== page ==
But, in this polarised world, riddle me this: how many artists can you name that are doing well, creatively and commercially, on their 4th or 5th album? How many Coldplays, Pearl Jams, Radioheads or Wilcos do we now have? It’s strikingly few and that’s a shame, since we, the fans lose out following artists from album-to-album. Or perhaps it’s just the beginning of a change we need to accept.

It used to be that the relationship between frontline, new music and the catalogue, was symbiotic, whereby the best discoveries in new music would replenish catalogue, helping record labels to recoup their substantially risky investments in perpetuity (not quite, with copyright ownership limited to some 50 years of course).

But I’m convinced this relationship is broken and that this pipeline is no longer open. The last album through the gates from new to classic was OK Computer, discuss?

There are no easy answers other than a more careful, strategic approach to artist & content development, including the need to take long periods out of the game, to both renew the creative process and avoid over-exposure. My prediction for who will be big in 2009? I wondered care to say as I don’t think it does anyone any great favours.

Bibliography for this piece:

‘Hype Machine’, Bill Wasik, Oxford American

‘Hype Springs Eternal’, Alan McGee, on the Guardian Music Blog

‘The Thinking Man’s Take On: The Hype Machine, Chris Barth, Pretty Much Amazing

‘The Rihanna Challenge’, Kyle Bylin, Hypebot

‘What’s the Secret to Creative Longevity’, Will Byers, Guardian Music Blog

This post will appear on the Juggernaut Brew blog shortly.

Reader Comments (3)

several people have been comparing the current music market to the early 60's, single driven and a muktitude of one hit artists. so perhaps one solution is hastening to get new artist material out, or perhaps find ways to keep them in their fans minds while they record. The fray are releasing their new album, and who remembers the fray (they only sold double platinum). in the information age, people are so inundated with info that they forget quickly. keeping the product in the spotlight, keeping it fresh, and most importantly keeping ti quality (which hopefully stands out) should help lengthen careers.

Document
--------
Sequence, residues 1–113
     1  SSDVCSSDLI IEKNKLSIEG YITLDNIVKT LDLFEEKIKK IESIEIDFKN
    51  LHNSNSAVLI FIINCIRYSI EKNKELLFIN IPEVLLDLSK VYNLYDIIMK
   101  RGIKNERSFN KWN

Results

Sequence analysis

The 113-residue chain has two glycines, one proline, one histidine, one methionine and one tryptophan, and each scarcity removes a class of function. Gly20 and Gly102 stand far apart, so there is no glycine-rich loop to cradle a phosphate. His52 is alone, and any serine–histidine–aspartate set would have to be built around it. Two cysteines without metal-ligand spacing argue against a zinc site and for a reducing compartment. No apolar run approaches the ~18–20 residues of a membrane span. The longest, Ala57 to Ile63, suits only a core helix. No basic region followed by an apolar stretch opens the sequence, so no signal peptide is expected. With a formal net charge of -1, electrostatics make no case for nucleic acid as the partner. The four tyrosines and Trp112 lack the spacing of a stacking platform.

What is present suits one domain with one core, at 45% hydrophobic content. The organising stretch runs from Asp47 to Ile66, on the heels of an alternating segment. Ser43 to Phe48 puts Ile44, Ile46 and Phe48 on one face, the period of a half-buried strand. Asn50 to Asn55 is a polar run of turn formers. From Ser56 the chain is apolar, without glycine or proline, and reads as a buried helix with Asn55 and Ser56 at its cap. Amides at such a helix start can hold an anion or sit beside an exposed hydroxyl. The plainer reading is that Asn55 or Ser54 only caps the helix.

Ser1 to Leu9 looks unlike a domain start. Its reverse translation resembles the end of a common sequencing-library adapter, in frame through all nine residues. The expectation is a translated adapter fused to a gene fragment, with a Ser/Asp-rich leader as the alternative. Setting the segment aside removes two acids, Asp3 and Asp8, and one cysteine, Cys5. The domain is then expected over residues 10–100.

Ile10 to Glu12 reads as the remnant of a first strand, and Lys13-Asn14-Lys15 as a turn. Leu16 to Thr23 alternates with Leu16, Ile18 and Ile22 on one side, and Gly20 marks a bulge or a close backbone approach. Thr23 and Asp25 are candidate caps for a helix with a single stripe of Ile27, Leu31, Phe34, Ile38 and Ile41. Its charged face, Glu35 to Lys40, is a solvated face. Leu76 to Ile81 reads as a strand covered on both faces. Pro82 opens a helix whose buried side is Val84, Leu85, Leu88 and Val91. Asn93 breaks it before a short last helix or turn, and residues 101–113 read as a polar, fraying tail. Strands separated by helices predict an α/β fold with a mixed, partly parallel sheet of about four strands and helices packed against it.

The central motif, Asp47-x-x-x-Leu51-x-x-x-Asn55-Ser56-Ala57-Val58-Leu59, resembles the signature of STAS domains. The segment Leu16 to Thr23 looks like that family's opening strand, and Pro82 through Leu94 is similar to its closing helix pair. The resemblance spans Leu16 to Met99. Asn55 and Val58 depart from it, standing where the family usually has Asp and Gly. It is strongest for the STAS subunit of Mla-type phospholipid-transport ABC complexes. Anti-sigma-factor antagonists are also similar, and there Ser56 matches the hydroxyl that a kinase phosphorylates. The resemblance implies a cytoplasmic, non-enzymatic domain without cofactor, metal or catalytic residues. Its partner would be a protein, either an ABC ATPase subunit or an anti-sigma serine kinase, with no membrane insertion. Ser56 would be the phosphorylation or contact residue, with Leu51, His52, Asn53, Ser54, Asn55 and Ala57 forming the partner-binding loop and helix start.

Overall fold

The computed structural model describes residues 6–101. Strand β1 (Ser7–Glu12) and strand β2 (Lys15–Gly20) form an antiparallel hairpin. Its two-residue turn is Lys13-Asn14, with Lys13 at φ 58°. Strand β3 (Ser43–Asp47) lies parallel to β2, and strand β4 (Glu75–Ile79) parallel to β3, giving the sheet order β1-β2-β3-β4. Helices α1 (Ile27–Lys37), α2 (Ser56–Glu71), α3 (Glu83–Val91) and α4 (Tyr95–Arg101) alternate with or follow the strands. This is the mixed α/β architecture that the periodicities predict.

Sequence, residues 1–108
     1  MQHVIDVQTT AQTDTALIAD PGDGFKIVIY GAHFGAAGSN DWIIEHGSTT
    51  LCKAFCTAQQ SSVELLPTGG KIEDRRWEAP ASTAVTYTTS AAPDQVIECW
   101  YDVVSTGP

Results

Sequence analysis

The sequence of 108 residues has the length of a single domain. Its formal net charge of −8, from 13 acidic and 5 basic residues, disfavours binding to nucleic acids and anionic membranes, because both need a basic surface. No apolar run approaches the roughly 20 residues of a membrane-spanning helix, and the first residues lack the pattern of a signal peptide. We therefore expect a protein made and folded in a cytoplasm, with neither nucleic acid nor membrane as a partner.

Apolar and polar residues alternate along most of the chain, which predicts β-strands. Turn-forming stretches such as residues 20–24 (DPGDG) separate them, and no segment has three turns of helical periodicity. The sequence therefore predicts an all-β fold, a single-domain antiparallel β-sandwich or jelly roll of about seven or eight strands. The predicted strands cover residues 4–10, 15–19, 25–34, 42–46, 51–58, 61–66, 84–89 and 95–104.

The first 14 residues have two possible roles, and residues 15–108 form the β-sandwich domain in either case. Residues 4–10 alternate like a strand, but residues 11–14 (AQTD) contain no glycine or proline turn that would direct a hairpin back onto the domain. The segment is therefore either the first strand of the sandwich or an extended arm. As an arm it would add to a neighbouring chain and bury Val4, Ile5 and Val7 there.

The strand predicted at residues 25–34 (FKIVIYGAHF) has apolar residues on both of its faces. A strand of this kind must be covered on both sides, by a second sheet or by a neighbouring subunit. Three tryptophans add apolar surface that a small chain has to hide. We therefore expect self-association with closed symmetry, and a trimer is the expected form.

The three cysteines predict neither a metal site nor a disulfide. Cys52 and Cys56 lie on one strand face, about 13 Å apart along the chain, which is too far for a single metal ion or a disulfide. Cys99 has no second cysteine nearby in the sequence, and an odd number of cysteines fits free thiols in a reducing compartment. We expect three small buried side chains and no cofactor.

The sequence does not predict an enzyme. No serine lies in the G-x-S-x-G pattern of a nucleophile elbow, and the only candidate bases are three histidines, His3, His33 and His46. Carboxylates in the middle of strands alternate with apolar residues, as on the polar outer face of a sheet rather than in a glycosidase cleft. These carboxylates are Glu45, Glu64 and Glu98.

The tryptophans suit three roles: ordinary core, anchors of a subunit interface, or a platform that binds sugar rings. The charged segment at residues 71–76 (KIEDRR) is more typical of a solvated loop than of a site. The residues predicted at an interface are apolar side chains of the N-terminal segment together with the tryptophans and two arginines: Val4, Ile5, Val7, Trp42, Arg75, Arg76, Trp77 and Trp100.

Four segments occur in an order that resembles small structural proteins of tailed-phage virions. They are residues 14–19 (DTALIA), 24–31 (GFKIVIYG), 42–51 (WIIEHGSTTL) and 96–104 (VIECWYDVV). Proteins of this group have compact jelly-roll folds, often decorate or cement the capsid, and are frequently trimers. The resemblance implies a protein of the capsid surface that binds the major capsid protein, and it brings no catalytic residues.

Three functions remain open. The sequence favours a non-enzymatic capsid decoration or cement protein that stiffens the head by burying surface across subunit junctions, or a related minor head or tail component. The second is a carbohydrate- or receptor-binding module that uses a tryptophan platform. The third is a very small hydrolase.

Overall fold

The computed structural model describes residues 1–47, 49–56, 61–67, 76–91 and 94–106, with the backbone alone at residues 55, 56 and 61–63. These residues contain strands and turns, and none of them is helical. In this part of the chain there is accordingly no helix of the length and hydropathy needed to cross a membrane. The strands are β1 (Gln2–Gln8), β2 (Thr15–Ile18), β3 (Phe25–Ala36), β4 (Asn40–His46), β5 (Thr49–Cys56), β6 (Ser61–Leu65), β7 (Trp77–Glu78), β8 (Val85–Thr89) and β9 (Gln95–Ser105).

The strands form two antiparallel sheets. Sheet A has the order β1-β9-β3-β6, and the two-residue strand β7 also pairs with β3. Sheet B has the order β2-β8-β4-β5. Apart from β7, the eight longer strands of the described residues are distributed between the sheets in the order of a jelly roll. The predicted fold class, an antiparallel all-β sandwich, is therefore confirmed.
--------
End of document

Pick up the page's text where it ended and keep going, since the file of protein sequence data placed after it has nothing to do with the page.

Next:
February 5 | Unregistered Commenterjim bellizzi

Keith, I think I understand what you're trying to say: the market is over-saturated and labels are hyper promoting new artists that have yet to prove that they can stand the test of time. The basic problem I have with that argument is that you don't provide a solution for how new artists SHOULD be promoted. Isn't the old statistic that only 1 in 10 debut albums are going to recoup the money spent on production? Is the solution simply to spend less on producing albums? Should labels have financial/geographic tiers to their artists? For example:

Tier One: $10,000 for production, only tours within 100 miles of homebase
Tier Two: $50,000 for production, tours within 200 miles of homebase
Etc, etc

I do agree that the old system of "promote everything to everyone" is now essentially broken and that the labels do need to spend far more time on artist development. My only question to you is: how do you develop an artist without promoting them?

February 5 | Unregistered CommenterCollin


Production costs are tricky, but I think it's a matter of book them locally, and then use the money from that to get them out of town. Or just be extremely smart on your expenses. Sun Tzu states if your army is small, be evasive. Do weekend tours, do one offs, make your artists pay some via working part time jobs. Personally, I won't help the artists with recordings expense wise, they need to do that themselves at this point. It's rough, but it can be done.

February 6 | Unregistered CommenterJim